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Smart grids: international and UK perspectives

Grant number: 09/05988-9
Support type:Research Grants - Visiting Researcher Grant - International
Duration: September 01, 2009 - September 15, 2009
Field of knowledge:Engineering - Electrical Engineering - Power Systems
Principal Investigator:Antonio Padilha Feltrin
Grantee:Antonio Padilha Feltrin
Visiting researcher: Luis Fernando Ochoa Pizzali
Visiting researcher institution: University of Edinburgh, Scotland
Home Institution: Faculdade de Engenharia (FEIS). Universidade Estadual Paulista (UNESP). Campus de Ilha Solteira. Ilha Solteira , SP, Brazil

Abstract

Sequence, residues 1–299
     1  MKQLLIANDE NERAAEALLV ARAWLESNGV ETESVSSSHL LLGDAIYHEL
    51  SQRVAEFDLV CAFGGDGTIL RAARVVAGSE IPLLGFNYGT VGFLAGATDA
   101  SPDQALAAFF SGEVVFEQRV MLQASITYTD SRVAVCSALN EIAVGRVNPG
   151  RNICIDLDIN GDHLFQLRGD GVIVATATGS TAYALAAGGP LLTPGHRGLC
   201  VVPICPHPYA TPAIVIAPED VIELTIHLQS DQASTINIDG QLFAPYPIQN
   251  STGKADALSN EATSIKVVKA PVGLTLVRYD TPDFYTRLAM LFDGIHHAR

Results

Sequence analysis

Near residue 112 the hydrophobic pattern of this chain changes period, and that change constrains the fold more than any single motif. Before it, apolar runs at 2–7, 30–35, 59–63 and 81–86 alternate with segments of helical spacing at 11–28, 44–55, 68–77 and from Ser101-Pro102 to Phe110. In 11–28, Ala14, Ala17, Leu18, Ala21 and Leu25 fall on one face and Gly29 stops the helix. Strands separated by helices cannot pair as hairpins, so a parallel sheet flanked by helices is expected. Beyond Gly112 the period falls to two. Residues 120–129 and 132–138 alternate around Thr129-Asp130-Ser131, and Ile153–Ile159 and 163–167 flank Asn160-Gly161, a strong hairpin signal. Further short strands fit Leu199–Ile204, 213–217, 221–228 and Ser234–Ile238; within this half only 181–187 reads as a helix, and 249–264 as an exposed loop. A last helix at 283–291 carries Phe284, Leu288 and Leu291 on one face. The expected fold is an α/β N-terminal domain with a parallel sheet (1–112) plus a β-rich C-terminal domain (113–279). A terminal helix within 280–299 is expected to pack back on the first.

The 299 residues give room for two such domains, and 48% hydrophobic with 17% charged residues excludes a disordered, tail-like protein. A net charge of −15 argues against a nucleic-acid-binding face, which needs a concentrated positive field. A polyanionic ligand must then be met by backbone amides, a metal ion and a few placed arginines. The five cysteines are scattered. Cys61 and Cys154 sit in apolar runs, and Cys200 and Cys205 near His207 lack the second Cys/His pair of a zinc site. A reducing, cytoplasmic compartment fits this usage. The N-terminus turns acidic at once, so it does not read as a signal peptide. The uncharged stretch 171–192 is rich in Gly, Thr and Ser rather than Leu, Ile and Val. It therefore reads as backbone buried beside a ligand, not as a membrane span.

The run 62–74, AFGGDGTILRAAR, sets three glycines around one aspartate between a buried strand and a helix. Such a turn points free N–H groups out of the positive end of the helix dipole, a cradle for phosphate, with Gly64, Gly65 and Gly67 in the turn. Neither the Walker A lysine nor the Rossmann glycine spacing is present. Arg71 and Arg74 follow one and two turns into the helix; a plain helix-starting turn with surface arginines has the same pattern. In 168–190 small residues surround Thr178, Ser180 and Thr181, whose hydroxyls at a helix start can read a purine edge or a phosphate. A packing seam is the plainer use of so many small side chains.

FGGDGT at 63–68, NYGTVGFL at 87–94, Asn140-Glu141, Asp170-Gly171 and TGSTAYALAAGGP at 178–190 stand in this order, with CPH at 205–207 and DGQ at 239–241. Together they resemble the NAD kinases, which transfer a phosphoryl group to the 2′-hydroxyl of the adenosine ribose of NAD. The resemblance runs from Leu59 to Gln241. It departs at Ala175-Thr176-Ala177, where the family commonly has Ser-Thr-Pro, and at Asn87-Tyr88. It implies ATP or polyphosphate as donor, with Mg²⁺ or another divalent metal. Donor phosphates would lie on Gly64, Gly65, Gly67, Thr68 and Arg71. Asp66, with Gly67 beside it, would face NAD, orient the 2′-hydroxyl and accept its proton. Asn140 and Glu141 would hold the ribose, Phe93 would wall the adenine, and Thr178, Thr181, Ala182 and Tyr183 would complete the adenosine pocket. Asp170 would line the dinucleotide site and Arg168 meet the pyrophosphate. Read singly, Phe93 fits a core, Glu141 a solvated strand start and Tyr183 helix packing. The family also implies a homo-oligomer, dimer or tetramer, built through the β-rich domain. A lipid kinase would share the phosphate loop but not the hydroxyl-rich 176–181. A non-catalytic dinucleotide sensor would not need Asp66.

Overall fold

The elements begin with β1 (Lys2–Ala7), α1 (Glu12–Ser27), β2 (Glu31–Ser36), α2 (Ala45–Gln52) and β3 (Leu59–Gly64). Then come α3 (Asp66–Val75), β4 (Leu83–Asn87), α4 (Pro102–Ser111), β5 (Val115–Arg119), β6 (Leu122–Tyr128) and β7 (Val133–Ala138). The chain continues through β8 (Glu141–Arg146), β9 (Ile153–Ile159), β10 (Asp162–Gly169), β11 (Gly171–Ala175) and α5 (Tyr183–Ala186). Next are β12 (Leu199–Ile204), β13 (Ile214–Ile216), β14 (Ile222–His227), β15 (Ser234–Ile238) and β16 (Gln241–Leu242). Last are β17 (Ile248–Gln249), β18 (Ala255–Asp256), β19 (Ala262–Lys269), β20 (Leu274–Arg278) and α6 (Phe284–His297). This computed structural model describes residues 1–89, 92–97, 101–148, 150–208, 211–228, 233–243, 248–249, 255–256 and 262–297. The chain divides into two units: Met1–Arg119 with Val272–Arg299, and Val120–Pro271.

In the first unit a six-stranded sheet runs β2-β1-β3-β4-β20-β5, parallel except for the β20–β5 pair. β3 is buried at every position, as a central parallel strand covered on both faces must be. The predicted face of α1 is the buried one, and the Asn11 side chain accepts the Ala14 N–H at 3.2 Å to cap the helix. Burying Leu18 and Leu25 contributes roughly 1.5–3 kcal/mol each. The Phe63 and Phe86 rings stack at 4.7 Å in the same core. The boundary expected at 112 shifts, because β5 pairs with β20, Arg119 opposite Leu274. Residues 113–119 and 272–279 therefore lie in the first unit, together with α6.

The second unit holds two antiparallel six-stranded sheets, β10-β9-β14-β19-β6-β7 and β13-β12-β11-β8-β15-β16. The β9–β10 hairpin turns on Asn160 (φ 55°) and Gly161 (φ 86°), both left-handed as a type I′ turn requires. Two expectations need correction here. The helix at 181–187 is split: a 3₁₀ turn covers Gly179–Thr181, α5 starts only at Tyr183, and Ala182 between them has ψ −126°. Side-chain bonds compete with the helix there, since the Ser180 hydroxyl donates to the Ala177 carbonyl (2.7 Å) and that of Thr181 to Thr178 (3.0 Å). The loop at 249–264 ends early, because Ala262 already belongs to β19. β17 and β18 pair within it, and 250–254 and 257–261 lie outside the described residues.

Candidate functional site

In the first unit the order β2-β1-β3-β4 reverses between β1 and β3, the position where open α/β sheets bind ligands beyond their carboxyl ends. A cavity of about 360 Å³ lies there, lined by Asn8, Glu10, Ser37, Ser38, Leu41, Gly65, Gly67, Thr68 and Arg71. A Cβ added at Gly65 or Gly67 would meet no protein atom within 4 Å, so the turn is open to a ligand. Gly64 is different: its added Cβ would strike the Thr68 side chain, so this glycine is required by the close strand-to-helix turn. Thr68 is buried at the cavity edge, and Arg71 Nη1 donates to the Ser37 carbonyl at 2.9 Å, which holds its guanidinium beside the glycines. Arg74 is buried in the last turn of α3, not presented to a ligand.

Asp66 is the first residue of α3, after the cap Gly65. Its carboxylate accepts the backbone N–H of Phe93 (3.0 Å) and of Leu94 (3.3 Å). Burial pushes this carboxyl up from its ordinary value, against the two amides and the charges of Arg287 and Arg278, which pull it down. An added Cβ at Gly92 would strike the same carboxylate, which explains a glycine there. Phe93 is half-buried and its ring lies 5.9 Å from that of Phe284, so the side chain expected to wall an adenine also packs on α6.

In the last decade, environmental and fuel security concerns have been translated into government targets for diversification of the energy mix. Worldwide, ambitious targets have created incentives to increase the connected capacity of low-carbon electricity generation. While a number of factors have constrained the growth in capacity to date, major increases are expected over the coming decade particularly within electricity distribution networks. It is envisaged that accompanying this will be a major change in the nature and operation of networks facilitated by real-time control of and communication with distributed generation (DG), energy storage, microgrids and consumers. Indeed, these next-generation power systems, or Smart Grids, are considered to be vital for the increasing population of renewables, offering significant benefits to consumers and the environment. However, in order for the electricity industry and government to realise this long-term evolution they must start with the backbone by updating and improving the existing electricity network first.The concept of Smart Grids has produced significant interest during the last years mainly due to the approaching end of life of the electricity networks in Europe and USA. This places governments, regulators and distribution network operators in a unique position to take the first steps towards the intelligent power systems of the future. This proposal is aimed at facilitating the understanding of this new and important challenge for the electricity industry, considering the different international and UK perspectives, with a special focus on distribution networks.Dr Ochoa, Research Fellow for the Institute for Energy Systems, is part of the AMPerES (Asset Management and Performance of Energy Systems) consortium, which is composed by the universities of Manchester, Strathclyde, Queen's Belfast, Liverpool, Edinburgh and Southampton, with all the UK distribution network operators as industrial partners. The consortium, started in 2006, was awarded with £2.8m during four years, funded by EPSRC (Engineering and Physical Sciences Research Council). At the University of Edinburgh, Prof Janusz Bialek and Dr Gareth Harrison manage the research team composed by three Research Fellows and one PhD student. Dr Ochoa is responsible for Activity 3.1 "Strategies to maximise the absorption of new generation", aimed at applying and developing innovative and flexible techniques (i.e., active network management) to expand the volume of renewable energy that can be harnessed, considering their benefits and risks in order to maintain the adequate operation of distribution networks. Clearly, the experience gained to date will enable knowledge transfer valuable to MSc and PhD students, as well as academics at Ilha Solteira.In terms of the dissemination of this proposal, a 10-hour short course and a lecture will be given. The short course, targeted at postgraduate students and academics in the area of power systems, will consider with certain detail the different concepts involved in Smart Grids. It will also include the practical utilisation of an optimisation software used for evaluating the penetration levels of renewable generation capacity through optimal power flow. The lecture, with a broader format and less detailed, will target electrical engineering undergraduate and postgraduate students. In order to generate discussion and critical thinking for the development of future collaborations, interaction with the different (PhD and MSc) research projects being developed in the areas of distributed generation and integration of renewables is also planned. Finally, as part of this proposal, it is also scheduled a lecture about the University of Edinburgh to show the diverse research areas and opportunities for future visits of PhD students (e.g., sandwich doctorate), researchers and academics. (AU)